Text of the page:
A young woman named Keylan Brown suits up in the parking lot of a Chick-fil-A as she prepares to enter a COVID-19 hot zone. She puts on a blue plastic gown that flaps in the cool Texas breeze, then a hospital-style cap, white booties that go over her shoes, teal gloves and an N-95 mask beneath her eyeglasses and plastic goggles.
As Brown holds her arms out, her boss Fred Gamble, a 50-year-old man wearing all black and a gold Jesus chain, duct tapes the gloves to the gown, sealing the gaps. Gamble, a former Army lieutenant colonel, is co-owner for the Austin-area franchise of Enviro-Master, a commercial disinfecting company that operates in about 80 US and Canadian cities. Enviro-Master Austin employs nine technicians including Brown. She picks up a green plastic gun that looks like it could have come from Nerf’s Super Soaker line; it’s branded the Virus Vaporizer, an electrostatic chemical sprayer that creates a positive charge then puts out a foggy mist that envelops surfaces in all directions. It’s meant to kill, within a few minutes, viruses such as the one causing COVID-19.
Keylan Brown approaches the Temple, Texas, restaurant, which has been silent and dark since it shut the day before; an employee was being tested for a suspected case of COVID-19.
Gamble often jokes that his employees are Ghostbusters -- he personally owns the beige jumpsuit outfit -- and it’s not a bad comparison. Holding the green spray gun and walking toward the virus that has terrified the entire world, Brown looks completely calm. “No pressure!” she says through the muffling of the N-95; it’s impossible to tell if she’s smiling.
She sprays the outside metal door handle, the Vaporizer leaving a moist residue. Then she steps inside and begins blasting the ceilings, the floor, front to back, dining area to kitchen to office, at a range of about 10 feet.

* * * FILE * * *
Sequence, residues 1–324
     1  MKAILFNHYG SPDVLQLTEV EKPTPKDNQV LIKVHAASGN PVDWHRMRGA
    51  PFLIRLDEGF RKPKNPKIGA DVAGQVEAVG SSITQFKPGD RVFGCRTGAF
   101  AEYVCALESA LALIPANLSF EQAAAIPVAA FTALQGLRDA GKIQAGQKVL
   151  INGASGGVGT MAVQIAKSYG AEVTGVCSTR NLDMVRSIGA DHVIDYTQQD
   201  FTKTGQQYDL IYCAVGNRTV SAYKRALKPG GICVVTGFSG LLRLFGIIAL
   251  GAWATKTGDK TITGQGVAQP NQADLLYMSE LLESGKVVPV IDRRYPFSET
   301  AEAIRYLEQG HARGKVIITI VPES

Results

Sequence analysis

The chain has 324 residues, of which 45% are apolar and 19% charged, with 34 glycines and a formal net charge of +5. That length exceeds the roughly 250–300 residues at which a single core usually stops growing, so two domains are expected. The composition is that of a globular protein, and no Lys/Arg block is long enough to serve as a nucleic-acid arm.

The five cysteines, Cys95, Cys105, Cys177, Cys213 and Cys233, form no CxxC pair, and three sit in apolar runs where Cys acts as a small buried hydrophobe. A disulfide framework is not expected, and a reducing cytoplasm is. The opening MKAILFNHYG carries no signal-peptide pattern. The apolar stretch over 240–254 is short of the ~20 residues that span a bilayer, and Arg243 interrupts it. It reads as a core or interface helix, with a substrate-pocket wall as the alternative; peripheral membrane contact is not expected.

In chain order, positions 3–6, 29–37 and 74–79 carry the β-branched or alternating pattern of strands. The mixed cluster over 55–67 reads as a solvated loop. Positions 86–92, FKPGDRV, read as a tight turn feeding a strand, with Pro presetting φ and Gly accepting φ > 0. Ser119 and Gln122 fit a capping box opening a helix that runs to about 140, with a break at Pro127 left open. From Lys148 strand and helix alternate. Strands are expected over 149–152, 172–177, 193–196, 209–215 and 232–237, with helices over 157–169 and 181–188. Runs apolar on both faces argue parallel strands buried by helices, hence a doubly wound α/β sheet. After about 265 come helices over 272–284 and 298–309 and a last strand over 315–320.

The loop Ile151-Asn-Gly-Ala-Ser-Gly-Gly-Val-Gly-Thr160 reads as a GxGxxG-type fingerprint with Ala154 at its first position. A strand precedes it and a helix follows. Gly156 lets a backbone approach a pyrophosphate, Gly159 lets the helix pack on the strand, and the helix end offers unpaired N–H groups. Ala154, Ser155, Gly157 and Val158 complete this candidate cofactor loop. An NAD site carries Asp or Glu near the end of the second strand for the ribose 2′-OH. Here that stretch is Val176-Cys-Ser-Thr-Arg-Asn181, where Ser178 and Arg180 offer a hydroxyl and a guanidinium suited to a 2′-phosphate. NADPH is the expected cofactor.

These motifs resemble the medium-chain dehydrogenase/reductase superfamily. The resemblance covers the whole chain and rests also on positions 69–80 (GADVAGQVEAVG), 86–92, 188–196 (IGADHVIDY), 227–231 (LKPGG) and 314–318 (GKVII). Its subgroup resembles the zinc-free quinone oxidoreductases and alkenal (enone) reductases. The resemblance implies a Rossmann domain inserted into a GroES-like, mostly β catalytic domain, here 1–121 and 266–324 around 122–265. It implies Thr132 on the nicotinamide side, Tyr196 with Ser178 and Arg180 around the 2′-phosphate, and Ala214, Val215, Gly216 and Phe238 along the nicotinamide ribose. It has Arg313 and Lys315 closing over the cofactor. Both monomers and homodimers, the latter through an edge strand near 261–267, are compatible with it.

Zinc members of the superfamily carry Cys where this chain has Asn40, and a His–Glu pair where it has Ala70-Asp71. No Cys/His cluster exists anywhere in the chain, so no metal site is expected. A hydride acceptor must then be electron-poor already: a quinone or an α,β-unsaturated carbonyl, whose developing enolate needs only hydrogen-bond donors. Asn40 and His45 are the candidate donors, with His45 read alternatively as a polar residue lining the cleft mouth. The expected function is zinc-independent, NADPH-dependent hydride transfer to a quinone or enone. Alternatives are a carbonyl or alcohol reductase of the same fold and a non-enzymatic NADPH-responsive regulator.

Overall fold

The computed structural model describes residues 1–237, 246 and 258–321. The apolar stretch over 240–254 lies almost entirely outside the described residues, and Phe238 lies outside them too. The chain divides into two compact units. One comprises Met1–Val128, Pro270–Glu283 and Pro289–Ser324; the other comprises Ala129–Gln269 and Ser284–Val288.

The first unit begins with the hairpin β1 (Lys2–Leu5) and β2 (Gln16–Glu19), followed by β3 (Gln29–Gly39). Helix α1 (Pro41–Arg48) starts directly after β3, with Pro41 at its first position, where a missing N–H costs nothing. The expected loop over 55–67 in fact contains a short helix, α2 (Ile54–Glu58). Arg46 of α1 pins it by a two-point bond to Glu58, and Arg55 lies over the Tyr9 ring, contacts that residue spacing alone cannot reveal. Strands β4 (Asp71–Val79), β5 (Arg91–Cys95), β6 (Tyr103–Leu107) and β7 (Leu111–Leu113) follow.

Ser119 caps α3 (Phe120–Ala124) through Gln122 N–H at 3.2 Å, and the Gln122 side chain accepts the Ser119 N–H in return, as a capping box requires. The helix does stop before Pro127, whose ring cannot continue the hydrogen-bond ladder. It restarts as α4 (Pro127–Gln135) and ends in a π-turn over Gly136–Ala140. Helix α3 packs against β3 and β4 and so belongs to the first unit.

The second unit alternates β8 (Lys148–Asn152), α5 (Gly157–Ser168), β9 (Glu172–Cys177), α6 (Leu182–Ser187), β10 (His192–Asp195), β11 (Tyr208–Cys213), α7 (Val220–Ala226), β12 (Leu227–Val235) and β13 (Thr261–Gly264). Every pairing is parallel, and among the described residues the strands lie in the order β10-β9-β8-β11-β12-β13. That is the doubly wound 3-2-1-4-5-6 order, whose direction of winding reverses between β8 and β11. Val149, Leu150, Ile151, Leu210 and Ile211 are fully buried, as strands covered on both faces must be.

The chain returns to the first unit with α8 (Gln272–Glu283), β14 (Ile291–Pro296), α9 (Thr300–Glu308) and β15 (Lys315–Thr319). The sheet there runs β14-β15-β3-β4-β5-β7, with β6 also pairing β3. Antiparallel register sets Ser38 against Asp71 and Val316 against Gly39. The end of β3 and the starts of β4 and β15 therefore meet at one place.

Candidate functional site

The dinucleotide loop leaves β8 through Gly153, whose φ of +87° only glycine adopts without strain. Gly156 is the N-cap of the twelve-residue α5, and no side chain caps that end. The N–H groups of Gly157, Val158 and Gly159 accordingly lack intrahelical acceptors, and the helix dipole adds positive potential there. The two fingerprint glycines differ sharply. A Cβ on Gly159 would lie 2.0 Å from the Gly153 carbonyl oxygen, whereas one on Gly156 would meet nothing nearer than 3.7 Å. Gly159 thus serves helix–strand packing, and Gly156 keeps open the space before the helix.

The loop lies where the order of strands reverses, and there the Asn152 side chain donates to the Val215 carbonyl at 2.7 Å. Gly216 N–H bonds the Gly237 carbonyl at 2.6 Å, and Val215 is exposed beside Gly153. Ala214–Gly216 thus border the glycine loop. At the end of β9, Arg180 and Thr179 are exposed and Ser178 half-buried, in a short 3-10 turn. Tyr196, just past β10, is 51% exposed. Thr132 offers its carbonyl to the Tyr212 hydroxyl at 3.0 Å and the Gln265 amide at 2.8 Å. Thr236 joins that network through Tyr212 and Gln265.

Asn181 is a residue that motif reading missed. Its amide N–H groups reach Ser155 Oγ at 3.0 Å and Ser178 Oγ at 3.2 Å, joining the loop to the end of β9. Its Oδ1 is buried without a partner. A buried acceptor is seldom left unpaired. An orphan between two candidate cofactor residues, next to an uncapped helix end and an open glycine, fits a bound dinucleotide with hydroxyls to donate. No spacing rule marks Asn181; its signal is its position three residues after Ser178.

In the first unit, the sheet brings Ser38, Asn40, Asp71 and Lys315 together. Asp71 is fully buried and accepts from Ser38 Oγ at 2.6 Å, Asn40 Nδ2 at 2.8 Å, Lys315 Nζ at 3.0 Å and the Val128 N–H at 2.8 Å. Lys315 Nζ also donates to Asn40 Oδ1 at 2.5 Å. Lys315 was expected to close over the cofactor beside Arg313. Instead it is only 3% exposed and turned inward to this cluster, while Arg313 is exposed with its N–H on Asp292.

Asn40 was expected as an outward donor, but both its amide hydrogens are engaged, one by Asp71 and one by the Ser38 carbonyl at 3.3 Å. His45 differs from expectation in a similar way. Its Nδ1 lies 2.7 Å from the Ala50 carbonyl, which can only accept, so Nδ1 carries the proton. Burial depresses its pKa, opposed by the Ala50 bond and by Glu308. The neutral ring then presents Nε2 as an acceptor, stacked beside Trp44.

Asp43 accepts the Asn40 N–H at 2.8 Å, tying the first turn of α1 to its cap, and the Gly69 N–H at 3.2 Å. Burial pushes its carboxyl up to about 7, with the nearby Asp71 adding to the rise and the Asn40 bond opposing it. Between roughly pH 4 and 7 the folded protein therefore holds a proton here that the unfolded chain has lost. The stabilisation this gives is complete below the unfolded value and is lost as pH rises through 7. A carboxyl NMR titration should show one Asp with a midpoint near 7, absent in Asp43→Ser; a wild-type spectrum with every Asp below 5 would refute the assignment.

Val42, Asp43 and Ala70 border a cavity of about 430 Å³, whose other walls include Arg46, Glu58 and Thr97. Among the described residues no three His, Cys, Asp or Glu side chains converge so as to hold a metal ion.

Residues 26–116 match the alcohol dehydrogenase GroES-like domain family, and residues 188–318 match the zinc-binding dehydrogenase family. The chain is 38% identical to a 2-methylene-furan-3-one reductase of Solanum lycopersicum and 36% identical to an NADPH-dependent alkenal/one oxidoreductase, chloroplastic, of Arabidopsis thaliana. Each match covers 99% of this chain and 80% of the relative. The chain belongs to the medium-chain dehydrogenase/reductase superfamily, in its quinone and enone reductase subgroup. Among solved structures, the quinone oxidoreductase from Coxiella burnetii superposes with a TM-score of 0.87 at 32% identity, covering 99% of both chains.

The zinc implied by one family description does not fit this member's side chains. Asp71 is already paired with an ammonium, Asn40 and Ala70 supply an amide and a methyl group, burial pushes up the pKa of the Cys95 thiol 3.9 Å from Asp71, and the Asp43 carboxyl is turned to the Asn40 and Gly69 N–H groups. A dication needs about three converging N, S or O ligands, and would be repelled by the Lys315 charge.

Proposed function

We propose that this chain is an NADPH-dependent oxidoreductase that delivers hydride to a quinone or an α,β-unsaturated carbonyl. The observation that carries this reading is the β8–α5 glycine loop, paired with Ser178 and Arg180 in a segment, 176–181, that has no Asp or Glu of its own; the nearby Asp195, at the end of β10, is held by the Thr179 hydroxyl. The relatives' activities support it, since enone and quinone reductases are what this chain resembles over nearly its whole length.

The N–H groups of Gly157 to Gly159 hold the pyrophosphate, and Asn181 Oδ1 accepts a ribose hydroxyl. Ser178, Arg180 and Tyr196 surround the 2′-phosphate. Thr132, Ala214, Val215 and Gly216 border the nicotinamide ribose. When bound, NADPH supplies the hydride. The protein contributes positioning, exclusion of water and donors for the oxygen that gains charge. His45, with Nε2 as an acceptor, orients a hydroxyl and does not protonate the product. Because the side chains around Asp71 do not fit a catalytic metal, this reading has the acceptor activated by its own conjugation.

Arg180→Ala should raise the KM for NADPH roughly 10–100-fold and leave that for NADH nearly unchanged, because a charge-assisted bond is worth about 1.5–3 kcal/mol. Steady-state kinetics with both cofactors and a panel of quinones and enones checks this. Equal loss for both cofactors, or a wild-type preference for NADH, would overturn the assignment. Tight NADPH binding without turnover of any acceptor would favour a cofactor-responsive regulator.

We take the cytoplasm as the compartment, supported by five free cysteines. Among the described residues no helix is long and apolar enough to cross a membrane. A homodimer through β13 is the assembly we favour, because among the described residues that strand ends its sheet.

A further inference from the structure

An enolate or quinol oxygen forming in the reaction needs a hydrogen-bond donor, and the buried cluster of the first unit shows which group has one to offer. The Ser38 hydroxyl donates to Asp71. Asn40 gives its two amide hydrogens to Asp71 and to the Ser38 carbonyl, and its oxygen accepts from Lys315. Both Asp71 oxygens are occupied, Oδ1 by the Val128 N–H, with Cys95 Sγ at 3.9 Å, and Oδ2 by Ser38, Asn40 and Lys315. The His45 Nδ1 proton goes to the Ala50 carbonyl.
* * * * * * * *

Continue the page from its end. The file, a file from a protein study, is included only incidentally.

This is happening in late March, still uncertain days in the coronavirus crisis. People still aren’t completely sure how long the coronavirus lasts on certain surfaces, whether you’re supposed to scrub your groceries with Lysol and whether you’re supposed to wear masks in public (turns out, yes).
Inside, Keylan Brown sprays and sprays, covering tabletops and fryers and drink dispensers and every other surface with a chlorine dioxide mixture that is EPA-approved to kill 47 kinds of bacteria and germs. Her Vaporizer makes a faint buzzing sound. A bright LED shines from the front.
As with everything coronavirus, it’s difficult to tell what’s working and what isn’t against the microscopic threat, but we wait. By April, this will start to feel familiar, this unsettled waiting for someone, anyone, to do something and to give us the all-clear. On March 27, everything is still uncertain, scary and wild.
But not to Gamble, who remains good-humored as if this is another day at the office and the Chick-fil-A curbside is the watercooler. When we talk about his business partner, Larry Barde, Gamble recounts that when Enviro-Master founder Pat Swisher put the two of them together, he wanted to create a dynamic duo. “I told him, ‘Does he know he’s Robin?’” Gamble giggles at his joke.